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The Great Browser JavaScript Showdown


I’m using JavaScript to do client-side manipulation of large tables (filtering, sorting, and hiding columns). Performance is good up to maybe 100 rows with 20 columns, and it’s usable up to a few hundred rows, but it really bogs down beyond that. This is an internal application, so I can’t actually post a link to it.

Some of the reports are as many as 9000 (9 thousand) rows, at which point things really bog down badly (we’re talking minutes for sorting here). The actual sort still takes less than half the total time required to sort on a column; the rest of it is mostly related to actually reordering the rows in the DOM and rendering the result.

Filtering isn’t as bad, but all the string manipulations (I’m using Firefox on either a 2.2 GHz P4 running Linux or a 1.8 GHz UltraSPARC-IV+ running Solaris; the difference in performance isn’t going to affect the usability to any great degree) still add up.

The reason for this client-side data manipulation is to allow users to generate customized reports.


As the main author of the SunSpider benchmark, I don’t think it makes sense to discount IE’s results on the string tests. As far as I can tell, what the string tests do is sane and realistic, and they are showing a genuine performance problem in IE, in types of code that are pretty common on the web. As you can see in the detailed results, more than one of the string tests does much worse than other browsers.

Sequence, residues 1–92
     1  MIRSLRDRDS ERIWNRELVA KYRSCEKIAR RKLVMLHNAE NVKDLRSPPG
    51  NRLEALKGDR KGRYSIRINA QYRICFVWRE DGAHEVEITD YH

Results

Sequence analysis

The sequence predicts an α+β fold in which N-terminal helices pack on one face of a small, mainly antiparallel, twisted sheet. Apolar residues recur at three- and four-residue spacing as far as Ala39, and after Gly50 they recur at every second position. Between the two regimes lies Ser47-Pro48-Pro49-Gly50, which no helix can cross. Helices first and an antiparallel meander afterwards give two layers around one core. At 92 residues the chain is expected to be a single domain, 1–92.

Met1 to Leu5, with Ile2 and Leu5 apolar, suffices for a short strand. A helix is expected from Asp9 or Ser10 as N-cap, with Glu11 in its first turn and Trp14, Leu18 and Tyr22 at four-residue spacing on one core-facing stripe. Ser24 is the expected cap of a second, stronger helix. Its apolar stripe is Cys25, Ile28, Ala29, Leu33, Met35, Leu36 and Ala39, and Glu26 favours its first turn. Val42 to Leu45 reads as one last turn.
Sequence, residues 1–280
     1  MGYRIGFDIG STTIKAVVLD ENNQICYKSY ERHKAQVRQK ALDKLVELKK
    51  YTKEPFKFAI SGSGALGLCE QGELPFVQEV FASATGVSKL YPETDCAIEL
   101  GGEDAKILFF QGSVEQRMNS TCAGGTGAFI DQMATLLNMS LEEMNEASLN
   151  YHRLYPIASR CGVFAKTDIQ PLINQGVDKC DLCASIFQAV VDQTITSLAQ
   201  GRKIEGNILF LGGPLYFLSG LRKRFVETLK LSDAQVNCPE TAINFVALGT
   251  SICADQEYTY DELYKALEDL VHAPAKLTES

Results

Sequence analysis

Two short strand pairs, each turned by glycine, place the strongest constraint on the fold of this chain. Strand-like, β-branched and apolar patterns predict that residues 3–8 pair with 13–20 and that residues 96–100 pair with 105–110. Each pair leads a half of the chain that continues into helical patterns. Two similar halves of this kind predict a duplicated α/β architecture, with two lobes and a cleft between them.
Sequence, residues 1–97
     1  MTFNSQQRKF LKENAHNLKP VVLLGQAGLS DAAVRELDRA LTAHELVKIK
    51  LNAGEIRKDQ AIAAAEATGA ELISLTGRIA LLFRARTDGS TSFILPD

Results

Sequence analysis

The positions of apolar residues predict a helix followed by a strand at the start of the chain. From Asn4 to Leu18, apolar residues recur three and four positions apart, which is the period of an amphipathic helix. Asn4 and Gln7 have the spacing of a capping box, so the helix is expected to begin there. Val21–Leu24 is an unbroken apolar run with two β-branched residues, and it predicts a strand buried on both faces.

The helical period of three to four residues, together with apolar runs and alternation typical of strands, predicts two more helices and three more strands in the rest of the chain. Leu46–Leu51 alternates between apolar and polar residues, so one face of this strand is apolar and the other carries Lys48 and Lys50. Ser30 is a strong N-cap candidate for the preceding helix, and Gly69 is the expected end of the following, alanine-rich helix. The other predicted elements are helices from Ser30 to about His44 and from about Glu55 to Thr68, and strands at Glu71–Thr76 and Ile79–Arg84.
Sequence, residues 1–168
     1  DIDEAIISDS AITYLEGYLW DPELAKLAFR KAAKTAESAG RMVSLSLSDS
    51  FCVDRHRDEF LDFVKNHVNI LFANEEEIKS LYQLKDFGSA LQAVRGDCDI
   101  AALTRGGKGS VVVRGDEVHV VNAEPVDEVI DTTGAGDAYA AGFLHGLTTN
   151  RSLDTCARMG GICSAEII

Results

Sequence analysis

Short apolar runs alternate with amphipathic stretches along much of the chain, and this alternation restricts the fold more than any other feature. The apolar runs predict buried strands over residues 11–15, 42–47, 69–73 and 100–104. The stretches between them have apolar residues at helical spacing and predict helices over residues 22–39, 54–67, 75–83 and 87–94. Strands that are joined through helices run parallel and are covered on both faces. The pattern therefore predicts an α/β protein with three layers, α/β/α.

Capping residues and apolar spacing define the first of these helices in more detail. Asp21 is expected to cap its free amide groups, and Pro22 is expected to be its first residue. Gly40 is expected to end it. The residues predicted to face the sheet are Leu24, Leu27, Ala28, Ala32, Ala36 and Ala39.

After reading various complaints about the Opera browser, I have to insist that I have very few issues running Opera today. This includes all contemporary websites such as: Gmail, Goog. Reader, Digg, Hotmail, Y!Mail, etc. NO ISSUES and no complaints. The price of greatness is the occasional stumble. I have been using Opera as my main browser since 6.x, and it has improved in compatibility across the web ever so much. Granted, there are times Firefox is necessary - if something doesn’t appear right in the O, use FF. and if all else fails, try IE.

Additionally, I successfully ran the sunspider test on Opera (v9.24) in Linux without getting the NaN errors Jeff mentioned. [ result is 10.7 s ] (Macbook Pro 3rdGen SR 2.2C2D, 2GB, Ubunutu 7.10)


And I agree with some other posters: the second graph is pretty but remarkably bad, making it very easy to compare the runtime of different benchmarks (apples and oranges–useless!) as totaled across the browsers (double useless!) and very difficult to compare the browsers to each other.